Jeffrey B. Miller has been a writer, magazine editor, and book author for more than 40 years.
He wrote “Behind the Lines” (Milbrown Press, 2014), which was a Kirkus Reviews Best Books of 2014; and “WWI Crusaders” (Milbrown Press, 2018), which has been named a Kirkus Reviews Best Books of 2018, was a 2019 Colorado Book Awards finalist and also won top honors in Historical Nonfiction from the Colorado Authors League.
The following is an excerpt from “WWI Crusaders.”
Each week, The Colorado Sun and Colorado Humanities & Center For The Book feature an excerpt from a Colorado book and an interview with the author. Explore the SunLit archives at coloradosun.com/sunlit
What inspired you to write this book?
My grandfather was a 25-year-old recent graduate of Princeton University when he volunteered to become a “delegate” in the Commission Relief in Belgium (CRB).
The CRB, working with its Belgian counterpart, the Comité National (CN), created the largest food relief program the world had ever seen. They saved from starvation nearly 10 million civilians trapped behind German lines every day during World War I (1914-1918). Britain had agreed to allow the food into German-occupied Belgium ONLY if the CRB would send neutral Americans into Belgium to guarantee the Germans would not take the imported food.
These CRB delegates had to maintain strict neutrality as they watched the Belgians suffer under the harsh German rule.
My grandfather, Milton M. Brown, went into war-torn Belgium to serve the massive humanitarian effort in January 1916. He came out only with all the other American CRB delegates when America entered the war in April 1917. (Neutral Spanish and Dutch CRB delegates took their places, while the Americans still controlled the food relief through the end of the war.)
Also during the war, my grandmother, 23-year-old Belgian Erica Bunge, ran a dairy farm that she and her father (Antwerp merchant, Edouard Bunge) had started to provide milk for the children of Antwerp. Erica also volunteered at a hospital and at a children’s canteen during the day and worked in the underground against the Germans at night.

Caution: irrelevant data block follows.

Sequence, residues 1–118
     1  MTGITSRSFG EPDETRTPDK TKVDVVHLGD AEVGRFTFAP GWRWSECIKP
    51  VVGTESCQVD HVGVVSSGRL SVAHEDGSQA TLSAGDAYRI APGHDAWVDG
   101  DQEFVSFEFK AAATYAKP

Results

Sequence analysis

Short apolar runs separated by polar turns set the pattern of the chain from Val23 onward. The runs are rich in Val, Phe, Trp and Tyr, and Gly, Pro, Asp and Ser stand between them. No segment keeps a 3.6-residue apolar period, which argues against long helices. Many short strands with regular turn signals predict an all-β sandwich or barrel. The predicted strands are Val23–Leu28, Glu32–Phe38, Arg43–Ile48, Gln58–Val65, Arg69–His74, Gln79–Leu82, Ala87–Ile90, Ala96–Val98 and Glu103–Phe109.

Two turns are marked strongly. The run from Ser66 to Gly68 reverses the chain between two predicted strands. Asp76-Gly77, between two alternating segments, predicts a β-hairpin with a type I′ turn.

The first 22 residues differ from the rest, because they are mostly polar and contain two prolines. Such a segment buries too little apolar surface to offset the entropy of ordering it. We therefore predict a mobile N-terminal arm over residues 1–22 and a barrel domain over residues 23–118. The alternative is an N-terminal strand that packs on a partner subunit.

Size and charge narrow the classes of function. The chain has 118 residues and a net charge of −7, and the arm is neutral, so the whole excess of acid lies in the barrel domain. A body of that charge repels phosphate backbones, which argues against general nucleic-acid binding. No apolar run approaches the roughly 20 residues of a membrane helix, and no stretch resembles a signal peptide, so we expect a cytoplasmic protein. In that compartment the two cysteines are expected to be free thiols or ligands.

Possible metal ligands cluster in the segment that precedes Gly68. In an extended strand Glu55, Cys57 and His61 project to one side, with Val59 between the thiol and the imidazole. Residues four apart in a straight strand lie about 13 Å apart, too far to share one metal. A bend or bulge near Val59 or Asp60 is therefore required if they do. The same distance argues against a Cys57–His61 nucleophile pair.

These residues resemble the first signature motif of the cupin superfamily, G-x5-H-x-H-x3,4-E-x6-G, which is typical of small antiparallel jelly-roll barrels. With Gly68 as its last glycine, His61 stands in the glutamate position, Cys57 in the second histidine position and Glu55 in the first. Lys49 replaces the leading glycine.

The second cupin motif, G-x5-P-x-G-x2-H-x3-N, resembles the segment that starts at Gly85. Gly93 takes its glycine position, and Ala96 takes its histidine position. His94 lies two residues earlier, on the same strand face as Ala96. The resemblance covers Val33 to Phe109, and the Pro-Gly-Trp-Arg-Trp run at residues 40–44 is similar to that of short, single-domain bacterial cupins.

When my grandparents died in the late 1980s, I inherited all their diaries, correspondence and photos from that time.
Inspired by the stories they had told and the material I read, I began to research the CRB, CN, WWI, WWI Belgium, and 50 CRB delegates. I spent 10 years researching and writing “WWI Crusaders.”
Who are your favorite authors and/or characters?
Favorite nonfiction writers include David McCullough, Doris Kearns Goodwin, Laura Hillenbrand, and Eric Larson. Favorite fiction writers come from my youth—John Steinbeck, Ken Kesey and John Fowles.
As for characters, both real and imagined, I love those who have overcome incredible challenges to achieve great things (large and small), and/or those who do the right thing, the moral thing, despite negative personal consequences. A classic example is the “Tale of Two Cities” Sydney Carton—“It is a far, far better thing I do than I have ever done before; it is a far, far better rest I go to than I have ever known before.”
Why did you choose this excerpt to feature in SunLit?
It is a perfect teaser to the book that also explains what the book is about and gives a taste of my writing style.
What was the most fun or rewarding part of working on this book?
Interjecting my grandparents’ stories into the larger, historical story of massive food relief. But “WWI Crusaders” is NOT a book about my family—my family is only a thread in the tapestry of this book.
I also loved getting to know so well some of the people I researched and wrote about. As I wrote in my Author’s Note: “I want to be beside first-year Rhodes scholar David Nelson as he walks alone toward the Belgian border not knowing what to expect. I want to hear Hugh Gibson’s impassioned arguments as he tried to stop the execution of Edith Cavell. I want to warn Eugene van Doren that the Germans are coming for him. I want to help Erica Bunge start the dairy farm that will provide milk for Antwerp’s children. And I want to have a beer and intense conversation with war-correspondent-turned-compassionate-relief-worker E. E. Hunt.”
What was the most difficult section to write in this book? Why?
Overall, it was trying to integrate tens of thousands of pages of material—uncovered during 10 years of research—into a readable, entertaining book for general readers interested in an unknown slice of history.
What was one interesting fact you learned while researching this book?
The biggest was the fact that a small band of Americans during WWI had helped save from starvation nearly 10 million people. Few Americans today know about this incredible humanitarian effort that became the largest food relief effort the world had ever seen.
What project are you working on next?
I’m attempting to convert my book into an eight-episode limited TV series. The “logline,” which is the elevator pitch you’d give Steven Spielberg if he stepped into your elevator, is: “A civilian band of brothers works with a Belgian “Downton Abbey” in German-occupied Belgium to try and save an entire nation from starvation.”
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